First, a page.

Star Trek: Discovery stars and producers walked the red carpet last Thursday evening in New York to celebrate the premiere of season two. We continue to bring you interviewers from the event.
We got a few minutes with the always effusive and insightful Mary Chieffo (L’Rell), who was sporting what she described as a “celestial goddess” look for the event that included a “sparkly pink nod” to Star Trek: Deep Space Nine‘s Jadzia Dax.
You’ve talked about how L’Rell is going to have this new sensuality – what are you bringing to that in season two?
Chieffo: A lot of L’Rell’s journey in the first season was actually coming to terms with that and understanding that she could use that. And you know at the time, she was using it to invoke Voq, bring back the love that they had. In this season it’s certainly more visual, she’s trying to embody a more classically feminine esthetic—we get the cleavage, we get the dresses, beautifully designed by Gersha Phillips, who has just done incredible work. I say it’s “Klingon couture” and it’s designed for my body and size. So that’s been amazing, to have people literally crafting outfits for me.
But beyond that, on a technical level, I found that with that visual, I decided that her journey … she was also trying to find out who she is as a woman and as a leader. So often we say that ‘Oh if you have a certain sensuality, a certain femininity, you can’t also embody this image of strength and power.’ And with L’Rell, there’s something that almost surpasses gender in a certain way, because she’s alien. And it’s something certainly from our human eyes, that can’t quite – we’re like ‘Well, she is a woman … she’s got boobs …’ but she’s doing – and certainly in the first season, being so androgynous in a lot of ways [like] not having hair that we so strongly associate with being feminine. Now she has that, it’s a time of peace, the larger political reason why the hair is there. But for me, visually, it was like, ‘Oh, what does it mean to embody that femininity there, and does that negate some of my power or does it give me more?’ And I think it’s not something she’s discussing with Tyler constantly in the show, but I think it’s there. And there’s a lot of fun stuff you’ve seen in the few little trailers, there’s some fighting going on in the dress, and that was one of the most empowering experiences. Ginger Rogers is like ‘backwards in heels‘? Backwards in heels with prosthetics, and a dress, and carrying two large Klingon weapons, so I’m really excited for the fans to see that.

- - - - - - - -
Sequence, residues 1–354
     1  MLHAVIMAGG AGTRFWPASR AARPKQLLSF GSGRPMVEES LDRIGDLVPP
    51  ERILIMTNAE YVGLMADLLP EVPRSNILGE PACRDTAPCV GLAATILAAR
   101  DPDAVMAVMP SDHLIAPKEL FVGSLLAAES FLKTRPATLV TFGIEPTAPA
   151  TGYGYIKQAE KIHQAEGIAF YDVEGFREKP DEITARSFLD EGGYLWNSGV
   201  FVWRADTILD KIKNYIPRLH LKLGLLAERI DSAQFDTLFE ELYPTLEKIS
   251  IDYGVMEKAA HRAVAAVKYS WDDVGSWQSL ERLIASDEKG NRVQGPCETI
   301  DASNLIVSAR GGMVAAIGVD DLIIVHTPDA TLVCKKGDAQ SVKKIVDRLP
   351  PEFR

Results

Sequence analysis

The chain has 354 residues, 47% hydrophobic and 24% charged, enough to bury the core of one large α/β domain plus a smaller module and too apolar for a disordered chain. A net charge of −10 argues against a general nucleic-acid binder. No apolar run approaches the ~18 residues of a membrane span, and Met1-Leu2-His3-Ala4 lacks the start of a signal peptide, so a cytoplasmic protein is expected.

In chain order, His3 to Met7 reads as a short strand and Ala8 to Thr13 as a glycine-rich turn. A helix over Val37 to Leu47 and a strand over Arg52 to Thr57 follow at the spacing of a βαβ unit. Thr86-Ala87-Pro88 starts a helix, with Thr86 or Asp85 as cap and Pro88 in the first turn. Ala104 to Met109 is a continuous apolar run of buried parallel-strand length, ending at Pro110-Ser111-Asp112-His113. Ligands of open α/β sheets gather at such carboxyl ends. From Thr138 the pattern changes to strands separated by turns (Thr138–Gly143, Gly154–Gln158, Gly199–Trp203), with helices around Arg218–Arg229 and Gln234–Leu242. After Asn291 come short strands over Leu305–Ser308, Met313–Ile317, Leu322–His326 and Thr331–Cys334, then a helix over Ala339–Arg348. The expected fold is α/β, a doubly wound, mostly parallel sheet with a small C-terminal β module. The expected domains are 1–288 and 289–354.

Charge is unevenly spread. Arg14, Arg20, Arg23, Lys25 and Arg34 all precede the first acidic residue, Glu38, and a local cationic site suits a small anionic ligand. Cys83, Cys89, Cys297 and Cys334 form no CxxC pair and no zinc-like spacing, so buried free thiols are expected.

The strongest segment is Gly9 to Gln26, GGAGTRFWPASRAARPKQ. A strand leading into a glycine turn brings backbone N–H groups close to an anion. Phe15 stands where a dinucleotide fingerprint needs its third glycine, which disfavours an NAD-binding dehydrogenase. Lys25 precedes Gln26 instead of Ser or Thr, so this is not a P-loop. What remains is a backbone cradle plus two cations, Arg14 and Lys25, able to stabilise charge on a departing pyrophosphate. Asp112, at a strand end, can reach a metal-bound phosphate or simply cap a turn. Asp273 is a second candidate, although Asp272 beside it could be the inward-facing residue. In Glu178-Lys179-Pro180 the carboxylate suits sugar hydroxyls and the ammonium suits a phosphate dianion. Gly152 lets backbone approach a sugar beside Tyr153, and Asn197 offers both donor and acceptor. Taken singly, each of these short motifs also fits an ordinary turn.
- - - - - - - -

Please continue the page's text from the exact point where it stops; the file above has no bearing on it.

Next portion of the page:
I think I also have always appreciated that she is a strong female character, but she is flawed, and she’s made mistakes, and she admits her failures, which is a very un-Klingon thing to do. And in this season we are getting to lean into that, have those kinds of quieter conversations a little bit, and I’m interested to see what the audience takes from that.
Are L’Rell and Tyler a couple, are they together?